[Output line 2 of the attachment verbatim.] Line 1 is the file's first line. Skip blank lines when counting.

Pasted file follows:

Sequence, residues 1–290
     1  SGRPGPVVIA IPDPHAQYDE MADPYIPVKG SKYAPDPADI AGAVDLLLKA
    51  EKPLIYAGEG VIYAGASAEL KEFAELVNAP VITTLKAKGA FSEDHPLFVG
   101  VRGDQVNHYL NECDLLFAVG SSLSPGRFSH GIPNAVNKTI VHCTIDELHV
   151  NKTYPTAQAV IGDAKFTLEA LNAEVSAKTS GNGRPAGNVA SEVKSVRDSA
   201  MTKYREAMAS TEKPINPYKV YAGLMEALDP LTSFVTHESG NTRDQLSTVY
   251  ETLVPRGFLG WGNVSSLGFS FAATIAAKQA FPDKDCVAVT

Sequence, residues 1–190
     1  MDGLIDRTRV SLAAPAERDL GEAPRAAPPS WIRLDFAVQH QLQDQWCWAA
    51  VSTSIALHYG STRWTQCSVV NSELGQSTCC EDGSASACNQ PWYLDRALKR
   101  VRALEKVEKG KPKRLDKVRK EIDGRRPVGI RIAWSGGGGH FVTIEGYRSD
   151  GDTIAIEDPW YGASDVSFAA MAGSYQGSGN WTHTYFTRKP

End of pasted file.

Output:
     1  SGRPGPVVIA IPDPHAQYDE MADPYIPVKG SKYAPDPADI AGAVDLLLKA